Voodoo Nation

Supersonic Blues Machine

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Voodoo Nation Review

by Thom Jurek

Voodoo Nation is the fourth album from California's Supersonic Blues Machine and the second with British vocalist/guitarist Kris Barras. Gorgeously produced by bassist Fabrizio Grossi, it balances gritty, even incendiary playing with polished behind-the-boards technique. Like its predecessors, the 12-song set features SBM's now trademark bumper crop of guest spots from top-shelf guitar slingers, including Sonny Landreth, Charlie Starr (Blackberry Smoke), Eric Gales, Joe Louis Walker, Ana Popovic, Kirk Fletcher, King Solomon Hicks, and Josh Smith. SBM deliver the first three tracks and the title number on their own. It's an opportunity to assess their studio sound with Barras, who joined just before 2019's Road Chronicles: Live!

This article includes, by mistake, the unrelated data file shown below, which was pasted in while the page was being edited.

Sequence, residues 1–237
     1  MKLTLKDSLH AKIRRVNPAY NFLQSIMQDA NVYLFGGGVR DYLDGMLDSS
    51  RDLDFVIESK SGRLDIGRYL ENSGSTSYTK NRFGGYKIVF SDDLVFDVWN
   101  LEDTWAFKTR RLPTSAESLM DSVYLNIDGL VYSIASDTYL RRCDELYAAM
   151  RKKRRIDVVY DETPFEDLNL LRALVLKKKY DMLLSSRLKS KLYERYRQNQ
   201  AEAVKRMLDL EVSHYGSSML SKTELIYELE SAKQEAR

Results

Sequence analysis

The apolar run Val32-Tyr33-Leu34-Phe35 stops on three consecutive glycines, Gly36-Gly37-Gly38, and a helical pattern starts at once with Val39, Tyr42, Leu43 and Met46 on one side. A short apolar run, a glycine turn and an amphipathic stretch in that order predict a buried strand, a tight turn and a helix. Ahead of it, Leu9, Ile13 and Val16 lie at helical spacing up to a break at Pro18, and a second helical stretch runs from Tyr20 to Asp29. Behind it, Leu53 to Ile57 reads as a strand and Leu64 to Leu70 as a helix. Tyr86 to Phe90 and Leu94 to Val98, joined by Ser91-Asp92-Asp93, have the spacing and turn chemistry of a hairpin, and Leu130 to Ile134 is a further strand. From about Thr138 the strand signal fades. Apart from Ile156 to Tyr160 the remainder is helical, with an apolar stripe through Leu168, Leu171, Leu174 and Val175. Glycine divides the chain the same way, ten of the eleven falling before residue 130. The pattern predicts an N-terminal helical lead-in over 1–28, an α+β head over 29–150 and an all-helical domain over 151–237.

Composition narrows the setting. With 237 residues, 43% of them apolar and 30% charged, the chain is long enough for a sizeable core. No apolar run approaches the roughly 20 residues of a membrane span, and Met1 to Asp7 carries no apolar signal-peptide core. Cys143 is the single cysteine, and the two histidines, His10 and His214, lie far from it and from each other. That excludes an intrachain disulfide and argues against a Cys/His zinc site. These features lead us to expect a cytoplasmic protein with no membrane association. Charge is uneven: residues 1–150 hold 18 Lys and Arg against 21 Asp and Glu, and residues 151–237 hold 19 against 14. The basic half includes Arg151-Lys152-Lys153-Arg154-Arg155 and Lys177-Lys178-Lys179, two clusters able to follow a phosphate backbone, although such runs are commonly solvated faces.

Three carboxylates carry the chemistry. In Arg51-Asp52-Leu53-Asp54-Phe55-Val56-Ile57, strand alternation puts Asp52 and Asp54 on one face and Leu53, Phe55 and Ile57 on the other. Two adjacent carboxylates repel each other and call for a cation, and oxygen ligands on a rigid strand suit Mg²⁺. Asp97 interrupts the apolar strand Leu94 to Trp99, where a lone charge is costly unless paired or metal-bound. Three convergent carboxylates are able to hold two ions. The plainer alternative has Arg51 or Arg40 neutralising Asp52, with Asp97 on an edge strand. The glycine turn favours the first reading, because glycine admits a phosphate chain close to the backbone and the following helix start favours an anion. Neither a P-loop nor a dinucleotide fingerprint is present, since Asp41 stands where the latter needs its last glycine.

In opening track "Money," blues-tinged hard-rocking guitars are framed in edgy rhythm & blues and gospel. Kenny Aronoff's funky backbeat drives a call-and-response delivery between Barras and a layered backing chorus by Francis Benitez and Andrea Grossi-Benitez. Alex Alessandroni, Jr. (son of film composer and arranger Alessandro Alessandroni) lends a pumping piano and functions as a fourth member here. "Coming Thru" is filthy blues-funk, underscored by guest Fabio "Il Puma" Treves on harmonica amid squalling guitars and basses. Harlem blues guitar god King Solomon Hicks assists on the spiky, Robin Trower-esque "You and Me." On the bridge and refrain, Barras and the chorus offer a militant insistence that recalls Pink Floyd's chorale delivered on The Wall. Landreth brings his iconic slide guitar to "8 Ball Lucy," the set's first single. With swampy, spooky interplay between his slide, electric piano, and a filthy bass line, it shifts from darkly hued blues-rock to reggae in the refrain. Landreth fills and accents each line, embellishes cadences, and delivers a thoroughly unhinged solo. Walker appears on "Is It All" playing guitar and sharing lead vocals with Barras. A soul-rocker, it simultaneously channels the early Isley Brothers (the timbre in Walker's voice is remarkably similar to Ron Isley's), Mandrill, and Curtis Mayfield. The backing chorus resonates with conviction. Popovic's performance on "Do It Again" reflects her hard-rocking blues-metal pedigree and explodes with her wiry, overdriven solo. "I Will Let Go" offers the Albert King-influenced guitar stylings of Compton's Kirk Fletcher. His deeply melodic style weds insistent, soul-drenched fills to Barras' punchy blues-rock vamp. The twinning of lead guitar and B-3 under Barras' whiskey vocal is transcendent. The title track is a nasty, riff-driven rocker straddling blues and funk as it roars and wrangles over seven minutes. Closer "All Our Love" with Starr uses Americana as a jumping-off point, but punches and staggers its way toward biting blues roots rock. Voodoo Nation reveals that Supersonic Blues Machine's now de rigueur guest lists aren't a gimmick -- they're an aesthetic. It offers musical diversity, expanding their group's sonic and stylistic palette exponentially. Their guests don't carry the proceedings -- all songs were written by SBM -- but embellish the trio's manifold approach to rhythm, harmony, texture, and dynamic. As such, Voodoo Nation is their finest outing to date.

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